New God for Old 3: the conversion of Æthelberht, king of Kent
Augustine landed in Kent in 597. It was vital for his mission that he make a good impression on Æthelberht, king of Kent. But when Æthelberht met the strange man from far away, he had many different considerations to bear in mind.
Æthelberht was regarded as Bretwalda, a term which has produced reams of scholarly debate but one that at the least meant a pre-eminence over the other kings in Britain. Usually a Bretwalda owed his dominance to success on the battlefield, but there is surprisingly little evidence for Æthelberht’s military domination, although given his exceptionally long reign (possibly over 50 years) he must have been more than able to hold his place in the shieldwall.
What really gave Kent its dominance under Æthelberht was its links to the kingdom of the Franks, across the Channel, links that had been cemented by Æthelberht’s marriage to Bertha, his Frankish princess. Marriage into the Merovingian dynasty brought Æthelberht great prestige – the Merovingian kings ruled over a vast area when compared with the petty kingdoms of Britain – and access to the continental trading networks and the high-value goods that brought prestige to barbarian kings. Essentially, a king attracted warriors to his court by giving them bling: gold arm rings were most favoured but any shiny gold treasure would attract glory hound warriors to a king’s court. Through his marriage to Bertha, Æthelberht had access to more and better bling than any other king in Britain, and he used these treasures to secure an unprecedented half century in power and his status as Bretwalda.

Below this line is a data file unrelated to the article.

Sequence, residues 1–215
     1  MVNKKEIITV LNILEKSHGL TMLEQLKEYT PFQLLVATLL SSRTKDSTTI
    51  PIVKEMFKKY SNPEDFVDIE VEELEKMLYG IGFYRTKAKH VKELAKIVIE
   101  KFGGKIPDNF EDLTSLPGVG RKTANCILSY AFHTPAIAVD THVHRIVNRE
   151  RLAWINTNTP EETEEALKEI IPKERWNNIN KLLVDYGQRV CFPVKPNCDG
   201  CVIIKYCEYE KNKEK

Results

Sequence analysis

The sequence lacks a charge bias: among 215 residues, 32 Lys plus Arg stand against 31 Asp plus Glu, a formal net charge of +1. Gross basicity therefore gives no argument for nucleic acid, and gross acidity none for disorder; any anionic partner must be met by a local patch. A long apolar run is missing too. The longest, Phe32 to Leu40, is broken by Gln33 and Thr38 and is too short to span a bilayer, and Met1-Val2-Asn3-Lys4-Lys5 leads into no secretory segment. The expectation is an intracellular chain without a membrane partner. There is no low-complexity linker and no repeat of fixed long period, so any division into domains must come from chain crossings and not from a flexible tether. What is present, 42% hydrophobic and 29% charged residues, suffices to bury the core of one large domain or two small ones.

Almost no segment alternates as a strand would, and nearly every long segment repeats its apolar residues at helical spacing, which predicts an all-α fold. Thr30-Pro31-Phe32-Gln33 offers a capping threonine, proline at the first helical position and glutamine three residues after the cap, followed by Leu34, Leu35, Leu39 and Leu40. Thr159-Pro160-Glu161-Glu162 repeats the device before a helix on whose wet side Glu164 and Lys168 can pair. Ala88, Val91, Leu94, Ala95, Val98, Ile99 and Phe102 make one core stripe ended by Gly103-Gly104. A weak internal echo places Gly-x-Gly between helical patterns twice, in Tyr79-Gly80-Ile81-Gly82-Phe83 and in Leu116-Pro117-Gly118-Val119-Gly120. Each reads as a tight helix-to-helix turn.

So it was vital for Augustine to convert the king. While it would be overstating it to say that as the king prayed, so did his kingdom – the king had to keep the support of the witan, the assembly of the most important men in the kingdom – having the foremost king in Britain adopt Christianity would be a huge step towards the conversion of the Anglo-Saxons. After Æthelberht’s initial wariness, as manifest in his decision to meet Augustine away from any structures, the king, under the influence of his queen, accepted the new religion fairly quickly and, by 601, was baptized.
Æthelberht gave his support to the new religion, installing Augustine and his companions in two churches that dated from the Roman era, St Martin’s and Christchurch. With Æthelberht’s support, Augustine’s mission made rapid progress, converting the king of the East Saxons in 604 and shortly afterwards Rædwald, the king of the East Angles, who adopted a rather à la carte approach to religion, keeping altars to both the new god, Christ, and the old gods in his sanctuary.